Euphemisms old and new
Deterritorialized States, Contingent Faculty, and Mommy Juice
I'm not an Apple guy, but this month I am, because the most egregious euphemisms I've come across since last month hail from the land of Steve-Jobs-istan. As covered in Language Log, "as it turns out" is Apple-ese for unfortunately, and "That's not recommended" replaces any comment remotely equivalent to "Duh!"
To be fair, the second substitution is just good sense. Not many businesses succeed by calling their customers dummies, except whoever writes those For Dummies books. On the other hand, "as it turns out" is a pretty icky way of delivering bad news by wrapping it in a good or neutral package, while absolving Apple of all blame. I only hope other professionals aren't using the same strategy. No one wants to hear these sentences:
"As it turns out, you're fired."
"As it turns out, your fiancé is in a coma."
"As it turns out, an asteroid is headed to Earth, and we have 23 minutes to live."
Unfortunately, I have to move on from this introduction to other obscure euphemisms that have fallen from different lexical trees. Fortunately, none of them are likely to accompany the last rites of your iPod.
have rheumatism in the shoulder
This sounds like something that happens to me when I sleep funny or spend too much time typing—the unathletic, unmacho, mega-lame ways I hurt myself these days. However, as Green's Dictionary of Slang reveals, this is a euphemism for being arrested, spawned by the less than gentle way a cop might push a suspect around by the shoulder. This one turned up in 1823, but it's no less applicable today. Slight tangent alert: I miss The Shield, which deserves to be mentioned in Best Show Ever discussions with The Wire, The Sopranos, and Breaking Bad. Few could cause rheumatism in the shoulder like Vic Mackey.
No trusty tool of a scribe, the Historical Dictionary of American Slang records this 1960s term as referring to a submachine gun. Another synonym for that fearsome weapon is Chicago piano. Just as a frightening amount of slang terms beginning with Irish are synonyms for potato (like Irish apple, Irish apricot, and Irish grape) it seems Chicago is a clue that heat is being packed. However, as a Chicago resident I can assure you that a Chicago-style pizza will only enlarge your midsection, not puncture it.
Many Democrats and Republicans are perpetually divided, caring far more about winning than what's good for America. I also get the feeling each side would love the other to be permanently wiped from the history books as well as the solar system. This annihilating urge is captured in the 2011 30 Rock episode "Everything Sunny All the Time Always," when conservative Jack Donaghy referred to Bill Clinton as President Inter-Bush. Does that make Obama President Outer-Bush? I guess he could be President Inter-Bush II if Jenna shocks the world in 2112.
I recently visited a friend who has, as Shakespeare puts it, peopled the earth (she has two kids). She also has an intriguing term for adult beverages. To distinguish her beer and wine from the contents of her kids' sippy cups, my friend refers to her booze as mommy juice—a term surely worth of inclusion in a future edition of Paul Dickson's Drunk, which I never regret flipping through for its endless list of words for being mizzled. My latest flip turned up Merloaded, materially altered, had his cold tea, Count Drunkula, drunkulent, in bed with one's boots on, and ate the dog. I hope I never get that drunkulent, because I love my dog very much. (Speaking of Dickson, mommy juice would also fit nicely in his Family Words, though it would be a stretch for The New Dickson Baseball Dictionary).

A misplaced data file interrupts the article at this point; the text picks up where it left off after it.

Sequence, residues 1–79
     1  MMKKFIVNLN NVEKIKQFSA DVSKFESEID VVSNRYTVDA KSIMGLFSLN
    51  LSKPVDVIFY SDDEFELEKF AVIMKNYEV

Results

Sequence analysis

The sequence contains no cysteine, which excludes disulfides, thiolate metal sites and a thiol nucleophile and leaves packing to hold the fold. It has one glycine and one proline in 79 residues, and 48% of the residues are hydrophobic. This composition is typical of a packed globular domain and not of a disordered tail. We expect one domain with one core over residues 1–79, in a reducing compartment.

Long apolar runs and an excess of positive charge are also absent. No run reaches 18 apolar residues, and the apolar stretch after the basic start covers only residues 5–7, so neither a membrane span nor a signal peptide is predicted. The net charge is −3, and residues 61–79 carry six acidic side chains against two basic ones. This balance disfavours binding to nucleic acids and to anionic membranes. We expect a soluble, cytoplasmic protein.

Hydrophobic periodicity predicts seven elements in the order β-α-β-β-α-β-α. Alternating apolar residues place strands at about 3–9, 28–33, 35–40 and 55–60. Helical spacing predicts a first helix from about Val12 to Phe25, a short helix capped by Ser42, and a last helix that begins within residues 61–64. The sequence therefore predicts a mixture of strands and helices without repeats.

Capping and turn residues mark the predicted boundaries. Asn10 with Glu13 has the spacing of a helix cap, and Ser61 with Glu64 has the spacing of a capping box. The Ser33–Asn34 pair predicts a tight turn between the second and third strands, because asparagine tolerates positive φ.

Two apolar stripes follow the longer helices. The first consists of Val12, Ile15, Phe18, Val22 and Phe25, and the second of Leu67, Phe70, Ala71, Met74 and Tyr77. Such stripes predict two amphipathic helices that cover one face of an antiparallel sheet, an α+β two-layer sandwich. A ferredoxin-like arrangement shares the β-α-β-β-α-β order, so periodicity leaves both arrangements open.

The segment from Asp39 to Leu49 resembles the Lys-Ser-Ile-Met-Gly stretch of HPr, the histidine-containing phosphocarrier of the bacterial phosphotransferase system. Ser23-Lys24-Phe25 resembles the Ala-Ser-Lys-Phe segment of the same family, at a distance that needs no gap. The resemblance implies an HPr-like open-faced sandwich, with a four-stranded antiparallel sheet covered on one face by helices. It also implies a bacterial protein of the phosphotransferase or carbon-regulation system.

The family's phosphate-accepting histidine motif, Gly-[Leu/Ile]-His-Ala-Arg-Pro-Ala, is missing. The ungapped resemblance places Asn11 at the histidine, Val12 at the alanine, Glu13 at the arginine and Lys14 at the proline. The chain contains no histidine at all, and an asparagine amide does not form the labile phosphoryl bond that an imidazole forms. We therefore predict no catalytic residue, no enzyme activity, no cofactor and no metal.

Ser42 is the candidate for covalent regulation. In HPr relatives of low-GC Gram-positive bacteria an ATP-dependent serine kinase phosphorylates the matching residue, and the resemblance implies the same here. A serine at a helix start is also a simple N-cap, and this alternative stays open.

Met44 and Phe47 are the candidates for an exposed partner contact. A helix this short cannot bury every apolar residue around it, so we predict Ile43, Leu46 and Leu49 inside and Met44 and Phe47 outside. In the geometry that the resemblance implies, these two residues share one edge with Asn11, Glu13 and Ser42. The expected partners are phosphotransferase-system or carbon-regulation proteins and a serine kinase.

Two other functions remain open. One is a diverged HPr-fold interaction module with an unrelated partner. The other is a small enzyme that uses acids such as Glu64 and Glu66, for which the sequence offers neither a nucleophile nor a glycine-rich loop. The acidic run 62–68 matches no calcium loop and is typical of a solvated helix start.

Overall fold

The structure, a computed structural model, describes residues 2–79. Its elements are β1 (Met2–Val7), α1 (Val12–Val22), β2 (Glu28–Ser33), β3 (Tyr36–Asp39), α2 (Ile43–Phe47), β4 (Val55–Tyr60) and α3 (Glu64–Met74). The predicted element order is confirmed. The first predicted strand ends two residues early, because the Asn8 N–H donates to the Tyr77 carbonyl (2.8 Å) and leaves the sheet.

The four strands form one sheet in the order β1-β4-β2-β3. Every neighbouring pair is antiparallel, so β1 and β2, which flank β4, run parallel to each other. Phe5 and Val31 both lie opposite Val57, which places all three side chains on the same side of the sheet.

A tweet by the OED's Jesse Sheidlower mentioned this term, which was written about in the New York Times by Rosemary Rayfuse: "Rising sea levels could threaten the existence of small island states such as Tuvalu, Kiribati, the Marshall Islands and the Maldives. If the international community cannot or will not slow global warming, the least it can do is help those states prepare for life after land by recognizing a new category of state — the deterritorialized state." So deterritorialized means, as Sheidlower puts it, "swallowed by the ocean." However, may I suggest the synonym Atlantis-ized?
Finally, have you ever left an apple on the desk of a contingent faculty member?
In a New Yorker piece, Louis Menand uses a term that applies to one of my own professions: assistant regional warlord—er, adjunct faculty member. Though I've been a contingent faculty member at various colleges over the years, I'd never heard the term. Here's how the American Association of University Professors defines it: "Depending on the institution, they can be known as adjuncts, postdocs, TAs, non-tenure-track faculty, clinical faculty, part-timers, lecturers, instructors, or nonsenate faculty. What they all have in common: they serve in insecure, unsupported positions with little job security and few protections for academic freedom. And they are the vast majority of U.S. faculty today."
This strikes me as one of the more devious euphemisms I've come across in my many years as a malarkey maven, though I do understand the need for delicacy. It might be harder to attract applicants for the position of disposable faculty, replaceable faculty, ephemeral faculty, seasonal faculty, or detachable faculty.
On the other hand, as it turns out, not only our jobs but our very existence is always contingent, as we won't always collect euphemisms and pick daisies on Planet Earth. But who wants to be reminded of that? It could drive you to drink too much mommy juice.